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Some people may find this awkward, especially people with a preference for solitary work. Working in teams and working in Collocated Teams are not for everyone and these people may need to be helped out of the organization to work for an institution more suitable to their preferences—or maybe Scrum is not for them. While some people may find that frequent broad social contact takes them out of their comfort zone, most people can adapt their actions to the broader needs of the team. It takes more energy for some people than others to do so, but such communication is necessary for effective teamwork.
For organizations that like to have large teams—or think they must have large teams—collocation can be very difficult. There may be a lack of space or a significant moving cost to have people shift locations. This will be an important moment for the organization, deciding to deal with this situation as an impediment or to accept this suboptimal state. See Small Teams, Cross-Functional Teams, and Conway’s Law.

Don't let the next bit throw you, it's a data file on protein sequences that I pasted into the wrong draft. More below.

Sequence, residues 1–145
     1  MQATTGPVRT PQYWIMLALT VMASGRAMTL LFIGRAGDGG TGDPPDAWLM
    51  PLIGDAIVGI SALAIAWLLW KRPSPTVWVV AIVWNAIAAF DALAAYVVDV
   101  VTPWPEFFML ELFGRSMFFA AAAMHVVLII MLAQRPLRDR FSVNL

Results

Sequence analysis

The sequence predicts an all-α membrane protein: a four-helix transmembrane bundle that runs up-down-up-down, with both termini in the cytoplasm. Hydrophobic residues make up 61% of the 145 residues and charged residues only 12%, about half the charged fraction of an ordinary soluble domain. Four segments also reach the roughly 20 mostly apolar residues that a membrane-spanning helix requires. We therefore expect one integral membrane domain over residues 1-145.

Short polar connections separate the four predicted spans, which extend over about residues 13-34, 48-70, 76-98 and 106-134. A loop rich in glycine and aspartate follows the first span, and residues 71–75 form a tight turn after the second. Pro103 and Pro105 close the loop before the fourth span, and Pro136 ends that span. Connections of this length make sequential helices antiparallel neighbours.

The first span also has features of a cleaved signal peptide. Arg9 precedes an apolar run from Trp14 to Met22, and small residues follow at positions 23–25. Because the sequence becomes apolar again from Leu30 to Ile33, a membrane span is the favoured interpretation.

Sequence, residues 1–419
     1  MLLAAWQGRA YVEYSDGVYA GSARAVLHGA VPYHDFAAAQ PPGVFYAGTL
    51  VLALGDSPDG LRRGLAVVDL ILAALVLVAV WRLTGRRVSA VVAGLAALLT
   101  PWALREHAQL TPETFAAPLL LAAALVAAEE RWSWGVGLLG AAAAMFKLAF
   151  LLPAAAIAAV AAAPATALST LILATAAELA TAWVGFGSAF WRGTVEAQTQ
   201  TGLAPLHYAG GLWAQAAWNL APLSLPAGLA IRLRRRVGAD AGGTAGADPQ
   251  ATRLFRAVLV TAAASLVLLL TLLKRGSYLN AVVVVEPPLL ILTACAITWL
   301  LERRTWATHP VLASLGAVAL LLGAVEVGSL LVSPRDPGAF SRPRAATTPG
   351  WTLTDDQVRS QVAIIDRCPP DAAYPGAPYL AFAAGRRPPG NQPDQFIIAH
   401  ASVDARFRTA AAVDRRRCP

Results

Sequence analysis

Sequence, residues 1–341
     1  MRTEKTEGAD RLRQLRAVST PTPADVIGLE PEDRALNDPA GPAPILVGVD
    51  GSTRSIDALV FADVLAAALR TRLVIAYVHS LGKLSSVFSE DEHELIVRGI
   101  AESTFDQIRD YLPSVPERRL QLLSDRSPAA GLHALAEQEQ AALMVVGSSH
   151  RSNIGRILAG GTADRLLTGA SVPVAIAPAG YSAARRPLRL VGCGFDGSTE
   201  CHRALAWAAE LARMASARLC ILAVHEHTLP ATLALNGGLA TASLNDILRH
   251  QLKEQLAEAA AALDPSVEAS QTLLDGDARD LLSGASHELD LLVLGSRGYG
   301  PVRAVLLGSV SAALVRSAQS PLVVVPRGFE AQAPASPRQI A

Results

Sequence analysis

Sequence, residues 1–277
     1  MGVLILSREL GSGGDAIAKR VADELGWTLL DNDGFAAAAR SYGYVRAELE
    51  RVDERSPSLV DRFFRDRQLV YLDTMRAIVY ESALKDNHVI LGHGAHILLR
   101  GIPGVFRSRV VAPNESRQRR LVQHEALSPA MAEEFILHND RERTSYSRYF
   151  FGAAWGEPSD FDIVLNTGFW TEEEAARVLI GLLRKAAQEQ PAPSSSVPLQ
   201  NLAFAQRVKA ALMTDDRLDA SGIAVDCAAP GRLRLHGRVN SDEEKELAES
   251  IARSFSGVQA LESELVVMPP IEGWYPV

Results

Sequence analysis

Infants learn to recognize the phonemes of their native language through repeated exposure to them. Studies have shown that physical presence is crucial. Infants exposed to foreign language phonemes learned to recognize them as if they had heard them from a physically present person. However, the infants showed no learning if they were exposed to the phonemes through either audio or audiovisual media (). Communication is a social process, and communication becomes less effective when technology limits the naturalness of the communication channel. This tends to substantiate the inadequacy of teleconferences and videoconferences for effective communication. In your next tele- or videoconference, observe the differences between that session and face-to-face interaction. Note the differences in the amount of time someone speaks in a single turn; in the amount of interruptions, overlaps, and backchannels; and in the degree of formality when switching speakers. The studies have shown that the tele- or videoconference does not replicate face-to-face interaction ().